‘Rajya Sabha should act as a caution but not have ability to veto … Naveen Patnaik has cleverly played BJP and Congress in Odisha’

Baijayant ‘Jay’ Panda was a four-time MP who served as member of several parliamentary standing committees before quitting Biju Janata Dal and his Lok Sabha seat of Kendrapara after differences with Odisha chief minister Naveen Patnaik. The author of ‘Lutyen’s Maverick’, he spoke to Nalin Mehta on ideas for reforming Parliament and prospects of forming a new party in Odisha ahead of general elections
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Baijayant ‘Jay’ Panda was a four-time MP who served as member of several parliamentary standing committees before quitting Biju Janata Dal and his Lok Sabha seat of Kendrapara after differences with Odisha chief minister Naveen Patnaik. The author of ‘Lutyen’s Maverick’, he spoke to Nalin Mehta on ideas for reforming Parliament and prospects of forming a new party in Odisha ahead of general elections

 

Why do you think the role of Rajya Sabha needs to be changed?

We must modernise the rules of Parliament in line with other democracies. Our Parliamentary rules were based on the late 19th century models of the UK and US. They have themselves changed quite a lot. The Italians and the Australians have also changed.

Sometimes there can be a mood in the nation which is very rash or like mob mentality. Rajya Sabha, since it is indirectly elected, should have the power to caution and slow down legislation so that cooler heads can prevail to prevent a rash decision but they should not be able to veto the will of the people. Today, they are able to veto anything by Lok Sabha. In the UK, the upper house has the ability to stop a bill for one year. During that one year, if the mood still prevails that certain legislation should pass, then it should happen.

You also argue for ‘one nation, two elections’. Why change?

We have a continual election cycle like no other country in the world. Every two to three months, the country has a major state election which becomes a national referendum. It bogs down the government and opposition. We have one of the world’s lowest ratios of governance-to-campaigning. We are always campaigning politically and not enough time is given to governance. The Westminster model was meant for a small, homogenous country like UK.

This is different from Prime Minister Modi’s argument for ‘One Nation One Election’.

Within a five year period, there should be at least one checkpoint to gauge the mid-term mood. This is very-well enshrined in the US system where the lower house goes to election every two years and it is aligned with the mid-term cycle of the presidential election. The problem with “One Nation, One Election” is: what happens if a state doesn’t get a majority? Does it go for four-five years without an election, or do you have another election which is out of sync? It is practically much better to have two election cycles and has been tried in other large countries, like US.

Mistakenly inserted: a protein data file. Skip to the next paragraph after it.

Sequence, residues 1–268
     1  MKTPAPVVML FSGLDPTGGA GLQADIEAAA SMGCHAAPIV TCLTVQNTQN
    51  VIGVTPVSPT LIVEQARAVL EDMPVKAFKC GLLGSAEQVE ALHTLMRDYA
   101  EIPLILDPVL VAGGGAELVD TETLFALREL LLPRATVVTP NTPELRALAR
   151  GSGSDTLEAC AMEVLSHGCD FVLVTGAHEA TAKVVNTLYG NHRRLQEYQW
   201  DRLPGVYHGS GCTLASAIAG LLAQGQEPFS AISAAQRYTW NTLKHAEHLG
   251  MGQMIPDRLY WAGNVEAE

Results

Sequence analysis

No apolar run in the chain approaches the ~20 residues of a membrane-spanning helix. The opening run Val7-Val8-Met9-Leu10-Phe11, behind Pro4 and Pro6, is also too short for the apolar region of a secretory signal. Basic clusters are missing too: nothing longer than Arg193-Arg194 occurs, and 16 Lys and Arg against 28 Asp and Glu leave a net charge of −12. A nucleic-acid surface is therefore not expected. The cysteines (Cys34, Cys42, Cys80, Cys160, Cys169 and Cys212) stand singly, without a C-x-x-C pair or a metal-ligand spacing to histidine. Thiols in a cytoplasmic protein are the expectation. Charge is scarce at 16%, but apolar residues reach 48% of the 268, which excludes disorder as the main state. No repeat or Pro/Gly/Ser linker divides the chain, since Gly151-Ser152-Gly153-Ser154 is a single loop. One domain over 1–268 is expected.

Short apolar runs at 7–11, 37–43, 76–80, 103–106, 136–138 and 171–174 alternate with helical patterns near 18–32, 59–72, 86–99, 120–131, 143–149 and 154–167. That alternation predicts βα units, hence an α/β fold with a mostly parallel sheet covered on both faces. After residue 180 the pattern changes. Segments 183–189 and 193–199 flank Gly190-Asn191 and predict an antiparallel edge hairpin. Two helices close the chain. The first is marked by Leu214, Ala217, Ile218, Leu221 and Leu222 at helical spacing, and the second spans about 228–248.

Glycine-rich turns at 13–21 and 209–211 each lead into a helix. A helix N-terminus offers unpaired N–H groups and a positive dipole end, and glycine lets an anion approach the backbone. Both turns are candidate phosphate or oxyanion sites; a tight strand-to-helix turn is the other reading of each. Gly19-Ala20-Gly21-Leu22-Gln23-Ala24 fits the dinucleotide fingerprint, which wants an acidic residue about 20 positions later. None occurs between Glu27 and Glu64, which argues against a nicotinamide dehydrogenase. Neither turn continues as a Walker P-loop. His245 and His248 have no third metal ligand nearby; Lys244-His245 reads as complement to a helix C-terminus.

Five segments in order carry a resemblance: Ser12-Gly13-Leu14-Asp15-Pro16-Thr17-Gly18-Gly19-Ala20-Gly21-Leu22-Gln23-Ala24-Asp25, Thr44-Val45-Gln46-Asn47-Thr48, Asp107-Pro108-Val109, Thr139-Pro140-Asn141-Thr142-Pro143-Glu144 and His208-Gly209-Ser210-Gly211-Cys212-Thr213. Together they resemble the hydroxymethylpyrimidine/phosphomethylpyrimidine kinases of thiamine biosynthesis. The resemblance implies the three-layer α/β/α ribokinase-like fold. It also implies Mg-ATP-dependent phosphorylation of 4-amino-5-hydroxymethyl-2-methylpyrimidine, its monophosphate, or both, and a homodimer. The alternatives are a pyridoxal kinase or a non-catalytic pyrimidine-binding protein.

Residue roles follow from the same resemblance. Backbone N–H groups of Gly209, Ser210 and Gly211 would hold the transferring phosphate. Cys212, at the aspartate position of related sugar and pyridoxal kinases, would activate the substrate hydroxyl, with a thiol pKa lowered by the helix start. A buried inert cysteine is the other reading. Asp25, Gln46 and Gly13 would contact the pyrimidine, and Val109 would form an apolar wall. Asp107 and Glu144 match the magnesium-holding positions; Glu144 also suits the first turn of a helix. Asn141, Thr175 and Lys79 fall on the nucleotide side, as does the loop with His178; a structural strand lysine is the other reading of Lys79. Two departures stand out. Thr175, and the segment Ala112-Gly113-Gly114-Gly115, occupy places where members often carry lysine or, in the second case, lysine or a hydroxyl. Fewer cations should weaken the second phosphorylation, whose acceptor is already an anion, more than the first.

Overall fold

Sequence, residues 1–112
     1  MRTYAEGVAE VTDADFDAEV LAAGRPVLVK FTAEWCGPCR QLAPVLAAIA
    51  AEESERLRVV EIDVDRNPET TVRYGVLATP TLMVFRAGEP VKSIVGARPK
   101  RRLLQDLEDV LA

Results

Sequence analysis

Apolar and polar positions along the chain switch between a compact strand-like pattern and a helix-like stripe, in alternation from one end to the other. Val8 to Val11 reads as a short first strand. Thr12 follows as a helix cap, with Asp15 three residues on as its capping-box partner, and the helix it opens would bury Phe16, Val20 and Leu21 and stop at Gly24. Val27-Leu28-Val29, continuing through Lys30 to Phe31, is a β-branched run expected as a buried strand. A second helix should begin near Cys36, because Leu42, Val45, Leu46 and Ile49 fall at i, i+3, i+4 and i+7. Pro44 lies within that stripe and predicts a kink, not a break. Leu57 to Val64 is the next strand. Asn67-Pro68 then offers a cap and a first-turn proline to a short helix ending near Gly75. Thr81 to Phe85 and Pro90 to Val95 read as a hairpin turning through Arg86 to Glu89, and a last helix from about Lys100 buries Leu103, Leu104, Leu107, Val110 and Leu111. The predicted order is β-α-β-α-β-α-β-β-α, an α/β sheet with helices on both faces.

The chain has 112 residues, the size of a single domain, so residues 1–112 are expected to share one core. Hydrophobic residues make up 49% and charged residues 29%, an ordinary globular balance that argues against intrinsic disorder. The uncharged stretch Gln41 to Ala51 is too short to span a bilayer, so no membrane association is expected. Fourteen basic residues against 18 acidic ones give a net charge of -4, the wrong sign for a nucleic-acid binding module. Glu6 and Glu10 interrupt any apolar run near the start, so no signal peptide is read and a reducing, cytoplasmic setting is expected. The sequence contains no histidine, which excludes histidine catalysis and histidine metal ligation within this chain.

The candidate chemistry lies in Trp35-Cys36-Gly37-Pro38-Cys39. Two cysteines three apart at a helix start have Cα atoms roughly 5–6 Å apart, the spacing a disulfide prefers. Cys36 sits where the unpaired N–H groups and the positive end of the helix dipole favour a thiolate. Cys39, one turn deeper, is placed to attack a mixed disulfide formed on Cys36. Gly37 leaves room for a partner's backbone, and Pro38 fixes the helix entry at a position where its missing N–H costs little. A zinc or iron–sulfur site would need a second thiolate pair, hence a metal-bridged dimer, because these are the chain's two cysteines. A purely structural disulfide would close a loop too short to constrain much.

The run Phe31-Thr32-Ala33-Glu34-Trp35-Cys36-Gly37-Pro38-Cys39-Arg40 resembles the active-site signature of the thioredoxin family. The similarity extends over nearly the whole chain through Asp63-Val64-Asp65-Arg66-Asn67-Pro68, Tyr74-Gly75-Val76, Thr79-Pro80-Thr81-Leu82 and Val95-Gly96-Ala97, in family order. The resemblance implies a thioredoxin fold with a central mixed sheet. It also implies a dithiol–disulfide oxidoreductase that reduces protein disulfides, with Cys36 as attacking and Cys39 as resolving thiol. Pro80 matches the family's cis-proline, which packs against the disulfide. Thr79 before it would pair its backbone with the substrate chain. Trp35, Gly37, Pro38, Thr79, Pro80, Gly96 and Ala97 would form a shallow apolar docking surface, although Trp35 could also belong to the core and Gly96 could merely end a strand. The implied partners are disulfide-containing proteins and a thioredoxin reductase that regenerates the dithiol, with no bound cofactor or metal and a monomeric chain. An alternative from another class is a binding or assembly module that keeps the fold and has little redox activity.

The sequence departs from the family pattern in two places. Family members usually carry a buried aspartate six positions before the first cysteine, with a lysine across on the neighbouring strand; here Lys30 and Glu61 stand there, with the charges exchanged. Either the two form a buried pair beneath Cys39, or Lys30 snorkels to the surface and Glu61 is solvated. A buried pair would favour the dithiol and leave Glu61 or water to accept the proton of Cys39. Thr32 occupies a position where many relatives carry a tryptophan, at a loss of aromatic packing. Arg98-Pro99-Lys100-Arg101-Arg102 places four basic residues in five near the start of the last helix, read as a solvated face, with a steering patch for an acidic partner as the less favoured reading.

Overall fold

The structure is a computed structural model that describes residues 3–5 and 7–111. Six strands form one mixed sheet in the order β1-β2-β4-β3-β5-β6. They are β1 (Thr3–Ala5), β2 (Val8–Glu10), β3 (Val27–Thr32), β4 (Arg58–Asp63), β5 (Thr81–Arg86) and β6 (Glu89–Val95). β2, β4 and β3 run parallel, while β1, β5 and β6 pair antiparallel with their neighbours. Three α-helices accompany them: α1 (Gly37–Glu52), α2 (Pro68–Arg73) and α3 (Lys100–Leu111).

Will you form your own party in Odisha now? Or will you join BJP?

My decision is at the final stage now. A lot of people falsely attributed motives to me for quitting BJD. They predicted that I would very quickly join a particular party. That has not happened. It has been seven months. My decision is going to be based on what is good for Odisha. Whoever is willing to bring about a change to fight violence and corruption, I am willing to join hands with them.

Naveen Patnaik has very cleverly played BJP and Congress against each other, convincing both that nobody should fight BJD lest their opponent will grow. Twenty years ago, when BJD was founded, Congress was still number one but slipped to third position in Odisha because it did not aggressively fight its case. BJP today is making the same mistake. Unless anyone is serious in bringing about change in Odisha, it doesn’t make sense for me to align with anybody.

Starting a new party is not a small thing. There are many in Odisha who want me to consider that option. We are exploring and have not taken a final decision.

But how do you explain Naveen Patnaik’s continuing political longevity in Odisha? It has few parallels in Indian politics.

There are very few parallels to the phenomenon of Naveen Patnaik. One of the reasons Naveen’s image grew so dramatically was because in the initial two terms BJD took very strong action against corruption. Odisha had seen a period of heavy crime and corruption in the 1980-90s and Naveen at that point came as a breath of fresh air. He took strong actions, dropped cabinet colleague, had IAS officers arrested and had very powerful business people arrested for corruption. That consolidated his image as Mr Clean. What has happened to the BJD in the last five years is the tragedy.

In the last 5 years, Naveen has delegated matters to a new group of people. They were not on the scene when the party was being built. One or two people are running the show and have no accountability to the public. Opinion polls are now showing a very sharp downward trend. Although today, Naveen still has goodwill, his popularity is at its lowest ever compared to any time in the past 19 years.

BJD itself has been far less popular than Naveen. Naveen’s popularity and his tireless campaigning earlier bailed out BJD in many marginal seats. This time that won’t be so easy because he himself is facing incumbency.





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